"Each person is required to write his or her own 'Book of Life'. On the Day of Judgment, I simply ratify what has been written" Midrash
Dear Friends, dear Partners,
It is our great pleasure to share with you as we do every year the thoughts always renewed of R. Adin Steinsaltz (Even Israel) on the Jewish New Year (Rosh Hashana).
We hope that they will help you to better prepare yourself for this upcoming year and that they will enrich you as they are enriching us.
May you all be blessed with a happy, peaceful, healthy and prosperous new year.
Joëlle & Gad
Greetings from The Matanel Foundation for Rosh HaShana 5777
Every year that comes to us for good not only marks a particular time, a specific number of days, but it also has its own essence, its own character. Numbers that determine time are like numbers that measure physical distance. Theoretically, mathematically, these numbers could be gauged randomly, yet when we go somewhere, we know that every kilometer along the way is not only a kilometer that measures distance, but one that encompasses certain features: avenues, mountains, potholes or flowers. Also in the course of time, a year has a particular character, like the terrain of a geographical distance. It is true that a year is the continuation of the past and that it turns to the future, but what it comprises belongs to that particular year. We cannot know in advance what the year will bring to the world, in general, or to individuals, in particular, but we can express our wishes for the coming year and also to a certain extent prepare for it.
It is appropriate to make basic preparations every year that consist of soul searching concerning the past—the previous year or years—gathering memories of the occurrences in our lives and what we did during that year. Soul searching entails more than collecting facts; it also involves examining our conscience with regard to our motives and our values. We can sometimes recall good and beautiful experiences that occurred during the year with a sense of satisfaction, and remember problems and disasters with sorrow, sometimes regretting with the perspective of time what we did. It is not incidental that the first days of the Jewish year are called “days of judgment,” which refer to a judgment in heaven and in this world of our deeds. Therefore we must not only stand before the “Supreme Judge of the entire world,” but to a certain extent, we should also act as our own judges, not simply to feel deep remorse and sorrow, but also to decide to change our ways.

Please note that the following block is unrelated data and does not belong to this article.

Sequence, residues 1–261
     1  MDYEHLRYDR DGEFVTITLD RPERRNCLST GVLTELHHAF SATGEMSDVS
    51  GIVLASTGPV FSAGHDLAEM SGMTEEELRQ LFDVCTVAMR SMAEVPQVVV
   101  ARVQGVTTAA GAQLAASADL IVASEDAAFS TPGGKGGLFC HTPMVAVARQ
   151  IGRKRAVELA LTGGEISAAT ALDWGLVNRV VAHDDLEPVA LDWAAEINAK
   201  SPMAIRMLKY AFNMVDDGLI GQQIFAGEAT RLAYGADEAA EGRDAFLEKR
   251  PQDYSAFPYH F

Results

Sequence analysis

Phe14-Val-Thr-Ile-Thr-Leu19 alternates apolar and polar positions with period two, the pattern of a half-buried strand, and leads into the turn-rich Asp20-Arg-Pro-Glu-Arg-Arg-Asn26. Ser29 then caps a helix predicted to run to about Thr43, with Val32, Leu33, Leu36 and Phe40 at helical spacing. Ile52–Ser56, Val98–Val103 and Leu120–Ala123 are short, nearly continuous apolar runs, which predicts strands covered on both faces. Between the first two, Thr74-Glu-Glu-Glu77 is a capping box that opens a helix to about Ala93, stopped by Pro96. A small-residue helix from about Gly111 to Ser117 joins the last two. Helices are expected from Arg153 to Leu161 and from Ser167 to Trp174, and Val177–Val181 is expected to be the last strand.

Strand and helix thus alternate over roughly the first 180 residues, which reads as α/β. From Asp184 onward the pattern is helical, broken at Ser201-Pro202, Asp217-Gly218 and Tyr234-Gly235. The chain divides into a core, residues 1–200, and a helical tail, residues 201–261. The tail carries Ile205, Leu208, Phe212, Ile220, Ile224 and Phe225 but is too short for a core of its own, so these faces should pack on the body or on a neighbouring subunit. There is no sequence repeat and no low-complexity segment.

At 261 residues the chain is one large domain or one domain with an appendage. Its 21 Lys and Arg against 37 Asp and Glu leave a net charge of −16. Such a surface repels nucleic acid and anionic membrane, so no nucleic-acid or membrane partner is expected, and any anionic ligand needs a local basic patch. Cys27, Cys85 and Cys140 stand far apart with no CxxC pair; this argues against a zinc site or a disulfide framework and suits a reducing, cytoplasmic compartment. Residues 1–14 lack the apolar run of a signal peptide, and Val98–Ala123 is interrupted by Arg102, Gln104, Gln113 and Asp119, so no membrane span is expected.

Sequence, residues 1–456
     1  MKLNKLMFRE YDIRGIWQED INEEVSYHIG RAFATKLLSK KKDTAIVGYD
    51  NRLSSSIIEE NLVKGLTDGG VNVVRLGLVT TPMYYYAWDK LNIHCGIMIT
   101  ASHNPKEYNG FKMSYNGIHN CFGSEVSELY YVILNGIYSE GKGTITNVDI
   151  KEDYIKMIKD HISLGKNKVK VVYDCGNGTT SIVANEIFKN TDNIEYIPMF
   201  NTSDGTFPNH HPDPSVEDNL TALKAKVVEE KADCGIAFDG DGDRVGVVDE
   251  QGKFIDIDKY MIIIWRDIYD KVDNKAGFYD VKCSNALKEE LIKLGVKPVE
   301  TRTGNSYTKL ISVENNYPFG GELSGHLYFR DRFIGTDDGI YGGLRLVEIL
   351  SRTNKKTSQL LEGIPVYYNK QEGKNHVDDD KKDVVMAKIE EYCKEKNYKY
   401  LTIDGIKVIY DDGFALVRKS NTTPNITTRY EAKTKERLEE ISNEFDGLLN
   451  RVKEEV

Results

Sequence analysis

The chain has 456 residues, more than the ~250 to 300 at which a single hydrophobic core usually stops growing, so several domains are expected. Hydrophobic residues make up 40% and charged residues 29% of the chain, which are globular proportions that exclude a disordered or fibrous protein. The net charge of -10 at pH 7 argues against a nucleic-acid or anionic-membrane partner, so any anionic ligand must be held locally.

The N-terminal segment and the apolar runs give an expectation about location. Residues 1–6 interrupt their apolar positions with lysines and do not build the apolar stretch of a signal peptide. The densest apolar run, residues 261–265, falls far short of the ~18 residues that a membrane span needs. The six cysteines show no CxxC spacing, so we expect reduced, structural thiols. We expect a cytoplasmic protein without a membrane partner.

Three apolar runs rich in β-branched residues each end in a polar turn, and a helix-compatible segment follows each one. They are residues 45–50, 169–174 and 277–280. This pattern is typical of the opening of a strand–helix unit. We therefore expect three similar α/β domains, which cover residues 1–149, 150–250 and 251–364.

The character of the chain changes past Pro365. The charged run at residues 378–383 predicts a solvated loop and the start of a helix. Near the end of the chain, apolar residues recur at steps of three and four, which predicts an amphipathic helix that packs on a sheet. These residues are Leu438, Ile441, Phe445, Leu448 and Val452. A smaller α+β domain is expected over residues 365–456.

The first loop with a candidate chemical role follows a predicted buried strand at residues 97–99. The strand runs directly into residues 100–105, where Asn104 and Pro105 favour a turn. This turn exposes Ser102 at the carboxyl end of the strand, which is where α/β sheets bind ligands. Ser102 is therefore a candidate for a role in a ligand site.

To the extent that the future is linked to the past, we still have a certain degree of free will—the freedom to choose to do things differently. In the Hebrew language, the word “shana” has two different meanings. One meaning is to repeat itself, the recurrence of things, of repeating themselves over time. The second meaning comprehends the significance of change whereby things do not simply repeat themselves, but change over time.
The most extraordinary gift that the Almighty bestowed on humanity is the freedom of choice, which allows a person, and perhaps even obliges a person, to change. Our sages have said that the Almighty does not disparage His creatures when we recite the prayers, “remembering that we are dust,” but makes allowances for the fact that even if we would like to, we are not always able to make the changes we desire. “The smallest will increase a thousand fold” is a blessing, perhaps also a wish. It does not always comes to fruition, but we are advised to make every effort to do what we are capable of doing with the hope that we can enhance and strengthen our good qualities, that we can change for the sake of those around us, maybe also change the world in significant ways. Perhaps it is not worth making grandiose decisions to change what is beyond our control. Even if a person wants to be an angel, this is not within the realm of possibility. However, a person can be a better person. Ultimately, in one way or another over the years, everyone hopes to have the opportunity to do many things in the future.
It is therefore advisable that those who resolve to make decisions try to think not only about what they want to do, but about what they are able to do. The things that they realistically decide to do may not be spectacular, however, if they accomplish their good resolutions, the accumulated results of even small deeds will be invaluable. Thus our sages said, when a person is facing a large mountain that he in effect is supposed to move, by taking one stone at a time, it is possible to move it; and if one places one stone on top of another, it is possible to build a grand building. “Who scorns a day of small beginnings?” It is of course good and desirable to aspire to greatness, to dream great dreams, but in order to achieve them, it is necessary to simply work hard. By persistently doing one’s best, a person will go far and reach great heights.
May you have a good and prosperous new year of spiritual and worldly achievements, and may we all be blessed with abundant good in general and individually,